Written by Brett Davies

The greatest marathon runner of all time again caused athletics fans to be utterly awestruck by his brilliance, as he destroyed the field in a race run in harsh conditions in Sapporo this morning.

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The reigning Olympic champion and world-record holder Kenyan Eliud Kipchoge was awe-inspiring in the way he took control of the race and stamped his authority on this race, arguably the toughest event in the Olympic program.

The race began at a steady clip of  around 2.10 pace – well within the range of the top athletes. The big pack -which included the likes of  Kipchoge, Galen Rupp, Abdi Nageeye (NED), Lawrence Cherong (KEN), Bashir Abdi and others – settled in, braving the near unbearable heat and humidity. They went through 10km in 30.53, 15km in 46.04  and halfway in 1.05.13

Back in the pack, the Aussies were struggling a little, with Liam Adams (1.07.05 at halfway) and Brett Robinson (1.07.17) in around 60th to 70th position. Jack Rayner, carrying a thigh injury, dropped out early.

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Between 25 and 30km, Kipchoge opened the throttle just a little, but the pack was still 10 strong. Kipchoge then dropped in a 14.27 5km split between 30 and 35km (1.46.59) and opened a 27 second gap and the race for gold was effectively over. the top ten had strung out and Rio bronze medallist Galen Rupp was off the back and labouring.

Now the 36 year-old superstar Kipchoge was in the zone and gliding to victory, punching out sub-3 minute km splits and looking like he was out on a training run. By 35km, Liam Adams was working his way through the field as many of the athletes were dropping back  or dropping out as the conditions were taking a huge toll on runners. Robinson was hanging on, but obviously finding it tough.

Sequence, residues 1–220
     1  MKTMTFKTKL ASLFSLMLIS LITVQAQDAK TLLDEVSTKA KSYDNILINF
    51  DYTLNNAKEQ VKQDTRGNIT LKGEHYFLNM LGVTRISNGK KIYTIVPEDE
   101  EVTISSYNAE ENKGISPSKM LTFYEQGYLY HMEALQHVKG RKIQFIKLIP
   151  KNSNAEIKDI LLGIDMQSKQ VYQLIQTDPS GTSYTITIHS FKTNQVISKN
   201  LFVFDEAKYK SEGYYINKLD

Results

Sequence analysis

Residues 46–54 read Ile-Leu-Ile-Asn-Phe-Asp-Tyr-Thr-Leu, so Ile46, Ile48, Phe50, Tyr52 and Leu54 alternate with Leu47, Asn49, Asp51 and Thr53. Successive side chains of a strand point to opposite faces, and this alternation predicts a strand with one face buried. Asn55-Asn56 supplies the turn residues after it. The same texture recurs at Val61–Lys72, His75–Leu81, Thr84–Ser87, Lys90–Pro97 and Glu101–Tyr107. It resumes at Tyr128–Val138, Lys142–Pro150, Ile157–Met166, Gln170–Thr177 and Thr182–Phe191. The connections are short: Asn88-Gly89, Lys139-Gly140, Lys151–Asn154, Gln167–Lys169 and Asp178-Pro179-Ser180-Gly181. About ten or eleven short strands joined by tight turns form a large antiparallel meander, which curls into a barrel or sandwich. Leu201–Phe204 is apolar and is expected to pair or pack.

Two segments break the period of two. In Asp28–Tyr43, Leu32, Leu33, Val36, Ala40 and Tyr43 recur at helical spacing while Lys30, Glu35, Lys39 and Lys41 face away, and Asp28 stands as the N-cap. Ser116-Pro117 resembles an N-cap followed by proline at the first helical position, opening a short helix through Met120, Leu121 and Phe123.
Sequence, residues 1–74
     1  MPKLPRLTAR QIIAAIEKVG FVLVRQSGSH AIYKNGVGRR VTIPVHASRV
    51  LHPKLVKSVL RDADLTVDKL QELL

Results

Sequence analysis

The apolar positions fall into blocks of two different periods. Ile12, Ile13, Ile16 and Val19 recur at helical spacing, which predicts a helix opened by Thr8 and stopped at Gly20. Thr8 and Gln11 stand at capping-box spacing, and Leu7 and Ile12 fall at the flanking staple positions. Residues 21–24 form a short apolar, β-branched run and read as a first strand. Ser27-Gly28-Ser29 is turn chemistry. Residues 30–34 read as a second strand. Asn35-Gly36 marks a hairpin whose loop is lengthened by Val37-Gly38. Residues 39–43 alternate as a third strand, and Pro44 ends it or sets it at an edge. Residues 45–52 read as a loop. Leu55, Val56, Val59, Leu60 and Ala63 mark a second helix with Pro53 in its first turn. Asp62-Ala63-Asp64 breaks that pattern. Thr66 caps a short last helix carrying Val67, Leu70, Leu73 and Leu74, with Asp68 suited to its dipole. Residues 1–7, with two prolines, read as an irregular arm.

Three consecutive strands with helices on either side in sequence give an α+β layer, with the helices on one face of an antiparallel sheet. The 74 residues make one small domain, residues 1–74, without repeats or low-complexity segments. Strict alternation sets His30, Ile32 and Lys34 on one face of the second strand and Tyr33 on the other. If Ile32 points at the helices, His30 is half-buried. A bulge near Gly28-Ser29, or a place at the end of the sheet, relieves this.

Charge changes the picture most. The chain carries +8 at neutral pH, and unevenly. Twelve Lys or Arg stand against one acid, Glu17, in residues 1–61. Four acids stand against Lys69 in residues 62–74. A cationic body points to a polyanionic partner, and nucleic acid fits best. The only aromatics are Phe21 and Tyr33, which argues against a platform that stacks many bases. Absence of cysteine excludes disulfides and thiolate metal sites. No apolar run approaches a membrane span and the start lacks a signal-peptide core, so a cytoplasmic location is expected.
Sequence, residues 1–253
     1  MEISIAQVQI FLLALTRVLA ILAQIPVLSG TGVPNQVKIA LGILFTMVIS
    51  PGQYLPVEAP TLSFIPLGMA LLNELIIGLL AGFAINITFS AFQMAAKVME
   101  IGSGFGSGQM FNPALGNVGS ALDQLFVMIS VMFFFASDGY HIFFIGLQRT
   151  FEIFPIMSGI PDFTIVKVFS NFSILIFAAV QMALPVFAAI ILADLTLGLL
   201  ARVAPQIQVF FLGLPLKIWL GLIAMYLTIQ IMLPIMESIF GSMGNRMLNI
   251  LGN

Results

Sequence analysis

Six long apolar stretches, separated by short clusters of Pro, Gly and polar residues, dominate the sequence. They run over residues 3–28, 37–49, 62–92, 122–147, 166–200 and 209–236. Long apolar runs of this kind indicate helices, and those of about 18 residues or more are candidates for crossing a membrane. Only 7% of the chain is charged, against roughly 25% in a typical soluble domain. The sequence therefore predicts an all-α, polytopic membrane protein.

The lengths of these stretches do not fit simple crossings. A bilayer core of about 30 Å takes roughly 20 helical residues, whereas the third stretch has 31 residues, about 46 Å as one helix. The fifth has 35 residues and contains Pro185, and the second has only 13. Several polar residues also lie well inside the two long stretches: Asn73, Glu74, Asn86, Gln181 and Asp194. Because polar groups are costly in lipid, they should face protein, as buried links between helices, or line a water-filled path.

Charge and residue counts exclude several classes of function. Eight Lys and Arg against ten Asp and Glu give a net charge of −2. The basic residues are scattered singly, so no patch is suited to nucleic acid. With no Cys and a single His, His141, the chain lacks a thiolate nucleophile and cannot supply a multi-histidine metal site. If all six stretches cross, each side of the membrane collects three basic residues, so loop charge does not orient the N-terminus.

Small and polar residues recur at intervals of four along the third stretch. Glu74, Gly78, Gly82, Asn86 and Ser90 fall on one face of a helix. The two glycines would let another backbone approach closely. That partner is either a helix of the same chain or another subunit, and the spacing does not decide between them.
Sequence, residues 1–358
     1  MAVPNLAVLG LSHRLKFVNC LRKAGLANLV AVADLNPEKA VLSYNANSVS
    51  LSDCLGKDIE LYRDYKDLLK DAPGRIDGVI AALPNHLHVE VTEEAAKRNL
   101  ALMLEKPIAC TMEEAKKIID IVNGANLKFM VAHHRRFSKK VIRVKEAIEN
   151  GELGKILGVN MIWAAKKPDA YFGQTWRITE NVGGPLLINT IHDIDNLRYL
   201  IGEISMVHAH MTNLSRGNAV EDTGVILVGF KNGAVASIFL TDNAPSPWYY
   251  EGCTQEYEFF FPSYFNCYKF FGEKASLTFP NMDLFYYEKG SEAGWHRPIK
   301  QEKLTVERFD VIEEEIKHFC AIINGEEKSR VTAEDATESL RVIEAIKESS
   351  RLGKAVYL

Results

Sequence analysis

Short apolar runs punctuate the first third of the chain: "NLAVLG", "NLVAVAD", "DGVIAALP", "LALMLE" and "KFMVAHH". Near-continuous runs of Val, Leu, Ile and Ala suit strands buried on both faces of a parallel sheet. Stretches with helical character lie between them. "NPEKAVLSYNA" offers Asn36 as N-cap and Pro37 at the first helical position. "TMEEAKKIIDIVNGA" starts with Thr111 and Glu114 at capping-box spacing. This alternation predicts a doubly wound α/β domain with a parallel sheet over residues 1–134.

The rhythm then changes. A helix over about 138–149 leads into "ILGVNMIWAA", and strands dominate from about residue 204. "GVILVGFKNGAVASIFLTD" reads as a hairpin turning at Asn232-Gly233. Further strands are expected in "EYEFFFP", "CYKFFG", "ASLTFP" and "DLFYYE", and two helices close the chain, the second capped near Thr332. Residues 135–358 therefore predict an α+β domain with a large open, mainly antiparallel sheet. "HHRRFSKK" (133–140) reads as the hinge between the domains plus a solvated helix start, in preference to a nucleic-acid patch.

Kipchoge got to 40km in 2.01.55 and was 1.17 in front, where a battle for silver and bronze was brewing. The veteran Spaniard Ayad Lamdassem was still hanging on along with Cherono (KEN), Nageeye (NED) & Abdi (BEL).

Behind Kipchoge Cherono was in a battle with the two Somali-born athletes, Nageeye and Abdi. As Nageeye began to gain an edge on Cherono, he, bizarrely, gestured to Abdi pass Cherono. As Nageeye began to gap Cherono, Abdi also got the edge on Cherono. In one of the closest battles for minor medals, Nageeye was second in 2.09.58 and Abdi third in 2.10.00, with Cherono just two seconds back.

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Cruising down to the finish, Kipchoge crossed the line in 2.08.38 and became the first man since Waldemar Cierpinski in 1980 to successfully defend his Olympic marathon title.

Liam Adams, in his workman-like manner, pushed through bravely and was 24th in 2.15.51, a great run given what athletes were dealing with on the day. At 34, he still has years left. Steve Moneghetti was tenth in Sydney at 38 and Carlos Lopes broke the world record at the same age. Sinead Diver – tenth here at Sapporo at 44 – has put paid to the idea that marathoners are finished by 35. The talented Brett Robinson had a tough day at the office but dragged himself to the finish line in 66th  2.24.04. He will improve in years to come, as will Jack Rayner, who looks to be a top marathoner with a few years more training under his belt. There is plenty encouraging about distance running in Australia –  just look at the feats of McSweyn, Hoare, Hull, Hall & Bol at these Games – and the future looks very good.

Kipchoge has been among the greatest runners in the world since his epic win over El Guerrouj and Bekele in the 2003 World Championship 5000m. Over the best part of two decades, he has won numerous championships and smashed world records, the most significant of which would be his sub- 2 hour marathon in 2019.

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There is some conjecture over who is the greatest runner ever, but on the Mount Rushmore of male distance runners, Kipchoge joins Gebrselaisse, Bekele & Farah as one of the all-time greats.

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